I’ve found out how I will die | Column | The Press and Standard
by The Press and Standard | August 19, 2017 5:00 pm
Last Updated: August 16, 2017 at 12:27 pm
God bless the Internet. Everything you never wanted to know is at your fingertips.
Just last week I stumbled upon www.healthandlovepage.com, and found out how I will die. Everything in my house is going to kill me.
Here’s an excerpt from the deadly list, by folks who churn out copy for three cents per word. (Don’t look at me: I’m neither a chemist nor a doctor.)
• Tartar control toothpaste contains FDC Blue #1 and saccharin, both believed to be carcinogenic. I suspect you’d have to eat 47,623 tubes before lunch to feel any ill effects, but you’ve been warned.
• Flea collars. Really? We don’t know this? Don’t let the baby gnaw on one—or better yet, give Foofy a monthly flea-control pill and you’re done.
• Ajax Cleanser: One ingredient, crystalline silica, has been listed as carcinogenic for more than 20 years. My advice: Use vinegar and baking soda. It won’t clean squat, but you can feel good about it.
• Whole milk: That tall glass contains everything from antibiotics to excess estrogen, plus a “neurotoxic carcinogenic reproductive toxin,” which doesn’t sound friendly at all.
• Alberto VO5 Conditioner. Includes formaldehyde and red dye # 4, both associated with cancer. I’ve used this stuff off and on for 40 years, so I’ll probably be patient zero.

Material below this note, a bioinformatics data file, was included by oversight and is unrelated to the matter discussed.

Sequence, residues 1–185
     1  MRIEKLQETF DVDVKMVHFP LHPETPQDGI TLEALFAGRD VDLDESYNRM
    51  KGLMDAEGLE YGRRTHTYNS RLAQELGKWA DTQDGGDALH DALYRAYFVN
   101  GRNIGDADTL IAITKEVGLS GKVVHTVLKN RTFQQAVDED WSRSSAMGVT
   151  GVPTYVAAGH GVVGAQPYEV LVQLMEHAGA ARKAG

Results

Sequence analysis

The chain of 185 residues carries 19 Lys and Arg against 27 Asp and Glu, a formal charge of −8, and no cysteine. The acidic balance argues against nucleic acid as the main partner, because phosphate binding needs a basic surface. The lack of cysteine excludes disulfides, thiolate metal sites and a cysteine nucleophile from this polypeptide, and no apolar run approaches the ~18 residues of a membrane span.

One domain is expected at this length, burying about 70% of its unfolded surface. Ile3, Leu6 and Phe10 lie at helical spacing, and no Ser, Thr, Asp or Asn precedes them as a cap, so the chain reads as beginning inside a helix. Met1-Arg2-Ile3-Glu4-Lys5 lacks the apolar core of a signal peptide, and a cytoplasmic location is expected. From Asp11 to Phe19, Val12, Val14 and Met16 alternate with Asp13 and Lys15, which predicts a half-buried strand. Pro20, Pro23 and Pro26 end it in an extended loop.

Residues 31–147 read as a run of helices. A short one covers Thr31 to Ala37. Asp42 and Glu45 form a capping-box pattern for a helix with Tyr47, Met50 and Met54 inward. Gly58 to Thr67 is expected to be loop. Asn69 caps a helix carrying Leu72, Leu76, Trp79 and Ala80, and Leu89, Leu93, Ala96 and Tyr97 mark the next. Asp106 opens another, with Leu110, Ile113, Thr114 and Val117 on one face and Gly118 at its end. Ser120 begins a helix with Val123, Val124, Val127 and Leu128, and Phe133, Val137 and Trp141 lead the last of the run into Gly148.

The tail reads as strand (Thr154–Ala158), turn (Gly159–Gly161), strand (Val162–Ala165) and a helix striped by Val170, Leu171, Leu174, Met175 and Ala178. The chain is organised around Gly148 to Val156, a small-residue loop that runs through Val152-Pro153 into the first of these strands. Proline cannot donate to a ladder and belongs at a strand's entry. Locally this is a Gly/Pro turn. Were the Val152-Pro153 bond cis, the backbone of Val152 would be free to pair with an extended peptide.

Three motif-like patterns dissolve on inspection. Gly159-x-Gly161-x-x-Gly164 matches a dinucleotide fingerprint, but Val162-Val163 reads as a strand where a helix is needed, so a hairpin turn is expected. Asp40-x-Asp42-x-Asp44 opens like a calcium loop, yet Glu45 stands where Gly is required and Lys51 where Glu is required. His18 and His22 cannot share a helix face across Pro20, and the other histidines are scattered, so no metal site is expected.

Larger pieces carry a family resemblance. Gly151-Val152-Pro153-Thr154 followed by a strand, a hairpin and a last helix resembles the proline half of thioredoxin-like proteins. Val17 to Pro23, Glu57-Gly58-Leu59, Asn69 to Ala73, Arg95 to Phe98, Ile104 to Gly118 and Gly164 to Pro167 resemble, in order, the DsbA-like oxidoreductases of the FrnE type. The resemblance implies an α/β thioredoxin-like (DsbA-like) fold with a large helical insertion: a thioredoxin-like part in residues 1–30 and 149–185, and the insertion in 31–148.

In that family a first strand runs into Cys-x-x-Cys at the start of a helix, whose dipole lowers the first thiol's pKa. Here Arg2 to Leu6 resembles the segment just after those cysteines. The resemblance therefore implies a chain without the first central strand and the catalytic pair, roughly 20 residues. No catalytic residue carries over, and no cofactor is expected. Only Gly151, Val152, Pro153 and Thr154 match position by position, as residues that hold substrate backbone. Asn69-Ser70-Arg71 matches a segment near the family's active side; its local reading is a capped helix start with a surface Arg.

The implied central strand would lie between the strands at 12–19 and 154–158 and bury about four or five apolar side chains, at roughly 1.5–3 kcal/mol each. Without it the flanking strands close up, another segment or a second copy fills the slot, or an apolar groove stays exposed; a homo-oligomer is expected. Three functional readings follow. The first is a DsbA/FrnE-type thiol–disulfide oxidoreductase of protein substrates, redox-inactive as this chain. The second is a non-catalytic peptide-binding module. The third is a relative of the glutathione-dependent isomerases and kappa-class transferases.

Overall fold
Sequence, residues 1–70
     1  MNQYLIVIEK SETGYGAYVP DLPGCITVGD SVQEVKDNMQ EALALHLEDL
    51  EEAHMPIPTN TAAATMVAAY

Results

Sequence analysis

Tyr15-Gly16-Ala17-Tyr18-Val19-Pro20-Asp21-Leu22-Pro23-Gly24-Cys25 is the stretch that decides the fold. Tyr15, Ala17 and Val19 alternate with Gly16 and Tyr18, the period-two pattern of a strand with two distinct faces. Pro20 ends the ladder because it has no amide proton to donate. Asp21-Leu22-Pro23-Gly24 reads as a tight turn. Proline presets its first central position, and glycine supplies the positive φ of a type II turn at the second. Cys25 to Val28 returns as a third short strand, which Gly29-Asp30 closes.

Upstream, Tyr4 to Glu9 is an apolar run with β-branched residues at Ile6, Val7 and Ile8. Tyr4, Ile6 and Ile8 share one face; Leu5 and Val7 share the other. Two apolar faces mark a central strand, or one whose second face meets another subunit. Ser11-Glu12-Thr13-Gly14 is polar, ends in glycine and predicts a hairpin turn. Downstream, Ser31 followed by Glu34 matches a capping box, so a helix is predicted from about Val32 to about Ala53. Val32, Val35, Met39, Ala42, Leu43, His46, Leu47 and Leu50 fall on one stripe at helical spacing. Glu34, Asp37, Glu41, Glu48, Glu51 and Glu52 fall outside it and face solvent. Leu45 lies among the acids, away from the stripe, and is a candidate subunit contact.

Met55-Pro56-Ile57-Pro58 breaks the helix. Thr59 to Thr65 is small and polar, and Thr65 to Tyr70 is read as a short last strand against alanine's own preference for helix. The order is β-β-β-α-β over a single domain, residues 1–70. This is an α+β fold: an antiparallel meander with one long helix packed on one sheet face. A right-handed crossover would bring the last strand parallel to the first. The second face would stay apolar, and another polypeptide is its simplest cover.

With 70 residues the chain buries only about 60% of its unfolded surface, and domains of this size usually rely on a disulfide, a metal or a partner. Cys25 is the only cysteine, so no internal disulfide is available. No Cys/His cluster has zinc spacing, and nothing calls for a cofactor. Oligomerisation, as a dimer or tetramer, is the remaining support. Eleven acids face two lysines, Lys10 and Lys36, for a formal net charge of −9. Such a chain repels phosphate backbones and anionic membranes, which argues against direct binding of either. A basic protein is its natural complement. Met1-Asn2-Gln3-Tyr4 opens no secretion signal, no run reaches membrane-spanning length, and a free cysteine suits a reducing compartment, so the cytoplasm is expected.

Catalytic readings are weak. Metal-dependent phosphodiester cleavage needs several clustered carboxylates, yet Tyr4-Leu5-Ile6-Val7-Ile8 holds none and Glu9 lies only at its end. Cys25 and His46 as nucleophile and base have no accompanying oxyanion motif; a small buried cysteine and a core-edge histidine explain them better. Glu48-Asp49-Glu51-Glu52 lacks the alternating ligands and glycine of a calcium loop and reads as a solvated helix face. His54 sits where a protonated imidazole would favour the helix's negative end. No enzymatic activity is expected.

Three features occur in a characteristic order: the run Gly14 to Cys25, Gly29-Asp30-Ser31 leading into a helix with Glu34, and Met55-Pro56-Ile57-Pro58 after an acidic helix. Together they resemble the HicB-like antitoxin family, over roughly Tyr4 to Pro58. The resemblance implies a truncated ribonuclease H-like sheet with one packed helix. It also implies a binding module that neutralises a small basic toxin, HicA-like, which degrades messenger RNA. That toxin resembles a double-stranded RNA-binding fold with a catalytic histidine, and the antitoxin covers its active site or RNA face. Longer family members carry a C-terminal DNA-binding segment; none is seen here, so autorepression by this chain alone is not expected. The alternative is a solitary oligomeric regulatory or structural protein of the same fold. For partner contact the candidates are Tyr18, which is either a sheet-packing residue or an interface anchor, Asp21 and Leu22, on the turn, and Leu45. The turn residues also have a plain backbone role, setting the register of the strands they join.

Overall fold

• Talcum powder: It’s been linked to ovarian cancer and lung irritation. Know what works just as well? Cornstarch. Plain old cheap cornstarch.
• Ortho Weed Killer: Raise your hand if you didn’t know WEED KILLER IS POISON. Use common sense: Wear a mask and gloves, or do what we do and let the weeds win.
• Hair dye contains propylene glycol and quartenium 15, two ingredients that can cause a rash. You know what gives me a rash? Shellfish. Don’t drink your hair dye, folks.
• Hot dogs: You’re eating “feminizing and carcinogenic hormones,” antibiotics and DDT. Also nitrites, which are linked to cancer. I haven’t eaten a hot dog in 25 years, so you’re on your own here.
Once upon a time I thought chemicals would kill my 70-year-old mom. One Saturday, I pulled up to the house and almost ran her over. She seemed fine, except for lying flat on her face in the front yard. And gasping for air.
I approached gingerly, in case she was in a bad mood.
“Hard day, Mom?” I asked.
“No, no, I’m fine,” she wheezed. “Guuuuurrgghh!”
She was perilously close to a fire ant mound, so I seized her shirt collar and one arm and sort of log-rolled her towards the house.
“No!” she gasped, so we changed directions and rolled towards the road.
“What happened, Mom?” I asked.
She feebly waved her arm. “Just got a little winded…. cleaning.”
“I can smell the Clorox out here,” I said. “Did you spill some?”
She coughed. “Stupid…. not paying attention…. I mixed Comet and Clorox.”
I almost swooned beside her. All my life she had lectured me on the dangers of mixing ammonia and bleach, and now she’d basically gassed herself.
“I wanted the house to be clean for the reception,” she muttered, referring to my brother’s wedding that weekend.
“Clean? It’s sterile. You could operate in there,” I said.
I opened all the doors and windows and turned on every fan in the house. She stayed propped up under the dogwood, wouldn’t let me call 9-1-1, and felt fine after an hour.
We hired a maid service for Mom soon afterwards. I’m not saying that was her end-goal — but she never saw another bottle of Clorox.
(Julie R. Smith, who wears gloves and a mask to dust, can be reached at firstname.lastname@example.org.)